Xcel Energy has asked a court to allow the utility to pull the plug on a 20-year deal to buy power that’s never been generated from a proposed Goodhue County wind farm that may never be built after four years of nonstop controversy.
The power play came just ahead of a make-or-break state permitting hearing on June 20, at which the Minnesota Public Utilities Commission gave New Era Wind Farm two weeks to either surrender its site permit or show the MPUC it will begin construction by Aug. 23.
“We have been working with the project developer, New Era, to see if they could in some fashion cure the defaults or difficulties they’ve had,” Jim Alders of Xcel Energy said. “They’ve been unable to do that. We’ve finally reached a point where we think the project needs to be terminated.”
Xcel contends the project delay has forced the utility to revise its plans for meeting the state mandate for renewable energy generation. The development marks another hurdle for the proposed 48-turbine wind generation project, whose opponents appear increasingly confident a project that once seemed unstoppable may now never get off the ground.
“The AWA Goodhue/New Era project is dead, this has been obvious for a while’” Kristi Rosenquist of the Coalition for Sensible Siting said. “It is unclear whether it was ever a viable project given the long list of problems that had never been resolved.”
The $180 million New Era Wind Farm in southeastern Minnesota was supposed to be up and generating 78 megawatts of wind power in 2011. Local opposition over the project’s footprint and impact on eagles and other wildlife, however, stymied progress every step of the way. The developers say $15 million has been spent to date to obtain state permits and satisfy other requirements. The original investment group led by Texas billionaire T. Boone Pickens sold the project to Peter Mastic of New Era Wind Farm in 2012.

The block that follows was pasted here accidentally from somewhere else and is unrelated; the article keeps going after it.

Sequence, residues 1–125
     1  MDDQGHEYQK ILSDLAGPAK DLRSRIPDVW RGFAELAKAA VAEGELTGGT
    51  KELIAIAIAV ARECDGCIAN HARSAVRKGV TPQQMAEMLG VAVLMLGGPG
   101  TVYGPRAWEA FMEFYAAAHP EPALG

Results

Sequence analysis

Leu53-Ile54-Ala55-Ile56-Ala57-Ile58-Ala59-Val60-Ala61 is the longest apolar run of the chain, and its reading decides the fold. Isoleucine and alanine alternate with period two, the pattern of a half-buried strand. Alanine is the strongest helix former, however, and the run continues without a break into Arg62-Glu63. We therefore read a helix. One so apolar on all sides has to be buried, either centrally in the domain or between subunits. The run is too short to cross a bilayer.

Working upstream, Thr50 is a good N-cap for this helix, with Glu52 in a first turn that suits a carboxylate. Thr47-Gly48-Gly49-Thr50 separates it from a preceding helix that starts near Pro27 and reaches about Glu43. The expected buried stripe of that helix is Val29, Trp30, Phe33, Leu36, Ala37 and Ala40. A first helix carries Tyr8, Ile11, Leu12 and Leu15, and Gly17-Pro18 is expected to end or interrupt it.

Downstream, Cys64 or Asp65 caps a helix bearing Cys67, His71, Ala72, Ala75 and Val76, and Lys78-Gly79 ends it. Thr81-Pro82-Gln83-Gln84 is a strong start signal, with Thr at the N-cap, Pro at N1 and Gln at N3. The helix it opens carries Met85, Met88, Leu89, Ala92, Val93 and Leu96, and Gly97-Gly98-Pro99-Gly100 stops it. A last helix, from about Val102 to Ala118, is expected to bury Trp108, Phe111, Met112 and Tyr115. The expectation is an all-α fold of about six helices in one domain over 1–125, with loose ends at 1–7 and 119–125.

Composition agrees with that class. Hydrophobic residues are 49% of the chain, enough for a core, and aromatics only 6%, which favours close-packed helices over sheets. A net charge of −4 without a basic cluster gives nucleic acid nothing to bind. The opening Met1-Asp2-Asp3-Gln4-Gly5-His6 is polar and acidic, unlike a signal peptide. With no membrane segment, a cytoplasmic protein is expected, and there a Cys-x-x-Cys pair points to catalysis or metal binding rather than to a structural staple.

Legal documents filed by Xcel Energy in Minnesota District Court in Minneapolis on June 14 allege that New Era failed to meet several conditions of a power purchasing agreement with the utility’s Northern States Power unit. The utility acknowledges in the court filing that New Era disputes “the magnitude and quality of its contract breaches and has called into question NSP’s right to terminate the Agreements”.
Mastic previously informed state regulators that he had approached three companies in an attempt to sell the project’s power rights to recoup his investment. In an April letter to the MPUC, Mastic expressed frustration over several issues involved in the state permitting process, including environmental concerns.
“New Era has no confidence that due process for this project will ever end, nor that an Avian and Bat Protection Plan will ever be approved, however comprehensively and carefully drafted,” Mastic wrote.
On June 18, Todd Guerrero, the attorney hired this week by New Era Wind Farm, asked the MPUC for a two-week delay of the June 20 hearing in order “to become familiar with the issues” before the commission. The MPUC held the hearing as scheduled.
Opponents say this would be the first Minnesota wind generation project that failed to move forward primarily due to citizens questioning the impact and benefits of wind generation. Regardless of the outcome of the MPUC hearing or in the courts, observers acknowledge the controversy over New Era has already shaped the course of wind generation projects on the drawing board in Minnesota.
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